How to Tie Down Kayaks in a Pickup bed: Easy Instructions

How to Tie Down Kayak in the Truck Bed Feature Image

Throwing your kayak in your truck bed can be easier and simpler than transporting than on a roof rack or a trailer.

But even hauling kayaks in a truck can be tricky due to their length and shape.

That’s particularly true of fishing kayaks.

But there are ways to easily secure your kayaks for long and short-distance travel, and in this post, we will show you how.

Step 1: Position Kayaks in the pickup bed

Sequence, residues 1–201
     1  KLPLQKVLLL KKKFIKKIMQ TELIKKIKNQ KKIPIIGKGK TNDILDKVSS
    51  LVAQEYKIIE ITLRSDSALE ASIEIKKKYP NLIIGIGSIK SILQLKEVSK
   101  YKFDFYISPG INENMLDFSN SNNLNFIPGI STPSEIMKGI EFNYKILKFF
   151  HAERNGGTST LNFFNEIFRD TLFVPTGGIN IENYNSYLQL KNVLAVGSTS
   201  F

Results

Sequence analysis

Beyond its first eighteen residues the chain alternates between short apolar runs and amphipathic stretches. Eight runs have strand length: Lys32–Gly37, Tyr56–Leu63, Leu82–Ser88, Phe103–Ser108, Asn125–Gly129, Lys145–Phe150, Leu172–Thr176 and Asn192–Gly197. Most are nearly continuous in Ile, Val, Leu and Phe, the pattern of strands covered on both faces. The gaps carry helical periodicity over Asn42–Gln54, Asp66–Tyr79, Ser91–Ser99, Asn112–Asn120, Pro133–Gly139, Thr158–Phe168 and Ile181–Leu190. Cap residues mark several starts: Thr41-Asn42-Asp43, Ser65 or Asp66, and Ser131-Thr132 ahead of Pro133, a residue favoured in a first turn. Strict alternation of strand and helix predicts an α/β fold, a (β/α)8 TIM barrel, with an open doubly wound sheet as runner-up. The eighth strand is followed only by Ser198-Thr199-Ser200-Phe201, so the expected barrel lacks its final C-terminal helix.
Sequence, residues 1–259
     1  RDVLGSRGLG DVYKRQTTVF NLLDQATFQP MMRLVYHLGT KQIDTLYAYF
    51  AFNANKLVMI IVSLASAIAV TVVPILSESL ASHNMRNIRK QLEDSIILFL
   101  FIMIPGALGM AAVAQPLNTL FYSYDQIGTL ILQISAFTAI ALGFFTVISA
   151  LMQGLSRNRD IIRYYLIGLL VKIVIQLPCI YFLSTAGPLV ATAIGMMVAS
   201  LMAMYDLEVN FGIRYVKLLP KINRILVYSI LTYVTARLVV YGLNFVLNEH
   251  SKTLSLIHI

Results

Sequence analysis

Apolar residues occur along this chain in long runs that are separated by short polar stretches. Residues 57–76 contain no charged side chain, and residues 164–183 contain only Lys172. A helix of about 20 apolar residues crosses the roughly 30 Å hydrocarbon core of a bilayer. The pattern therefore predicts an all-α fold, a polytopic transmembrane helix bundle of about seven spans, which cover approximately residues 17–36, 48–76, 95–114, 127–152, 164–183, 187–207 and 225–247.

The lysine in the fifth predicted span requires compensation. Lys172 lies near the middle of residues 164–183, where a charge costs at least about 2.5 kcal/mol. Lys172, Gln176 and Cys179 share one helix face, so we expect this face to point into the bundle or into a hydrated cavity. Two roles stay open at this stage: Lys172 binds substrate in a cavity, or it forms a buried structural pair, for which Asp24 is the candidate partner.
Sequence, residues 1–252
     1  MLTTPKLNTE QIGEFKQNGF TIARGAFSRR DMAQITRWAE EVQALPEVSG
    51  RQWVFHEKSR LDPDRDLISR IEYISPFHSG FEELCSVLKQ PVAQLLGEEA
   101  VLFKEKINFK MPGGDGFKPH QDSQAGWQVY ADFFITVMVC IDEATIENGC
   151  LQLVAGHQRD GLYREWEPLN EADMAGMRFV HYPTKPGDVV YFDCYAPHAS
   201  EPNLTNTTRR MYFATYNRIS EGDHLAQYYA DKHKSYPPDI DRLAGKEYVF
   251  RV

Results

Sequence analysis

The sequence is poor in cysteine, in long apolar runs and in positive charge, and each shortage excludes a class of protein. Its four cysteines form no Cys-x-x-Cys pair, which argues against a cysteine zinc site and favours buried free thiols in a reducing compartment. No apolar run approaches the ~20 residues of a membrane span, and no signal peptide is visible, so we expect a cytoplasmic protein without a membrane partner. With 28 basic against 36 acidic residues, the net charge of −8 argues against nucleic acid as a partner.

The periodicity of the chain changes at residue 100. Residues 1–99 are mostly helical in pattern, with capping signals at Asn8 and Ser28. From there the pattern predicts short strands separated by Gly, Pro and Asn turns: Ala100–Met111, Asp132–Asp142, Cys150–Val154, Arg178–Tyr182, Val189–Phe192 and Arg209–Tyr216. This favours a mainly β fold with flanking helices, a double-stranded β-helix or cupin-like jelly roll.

Before we talk about proper kayak positioning, we must discuss straps. Ratchet straps are what you will always want to use, and you want to get them ready and in place, before you position your kayak in a truck bed.u003cbru003eThe first thing is to find the best anchor point in your truck bed and hook your first strap into that.u003cbru003eTake your ratchet straps and get them hooked and ready with the ratchet sides in an open area where the kayak won’t impede you from easily tightening them. Be sure to remove or roll up your Tonneau cover if you have one as well.u003cbru003eThis will obviously be an easy task if your truck bed is completely empty and there are no obstacles to impede you from ratcheting or for kayak placement.u003cbru003eYou will want to determine if you will leave your tailgate open or closed when strapping in your u003ca href=u0022 data-type=u0022pageu0022 data-id=u00221011558u0022u003ekayaku003c/au003e, and if you have a shorter kayak, it is probably best to leave it closed.u003cbru003eIf you are leaving it open, your straps need to do more than just go across the top of the kayak, as road bumps and movement can cause the kayak to flex and wiggle its’ way out from under your straps.u003cbru003eLook for attachment points or something to either wrap the strap around or go through to ensure there is some sort of fastening to lock the kayak to the strap and your truck bed. One good spot that comes to mind would be to mind to thread your straps under any kayak handles/ grab handles on top of the kayak.u003cbru003eIf you have a longer kayak in a truck and plan on leaving your tailgate down, be sure that the kayak is centered in the middle of the truck bed and not at an exaggerated angle. having your kayak positioned at an angle can be a safety issue for oncoming, or it could hit obstacles like trees or signs.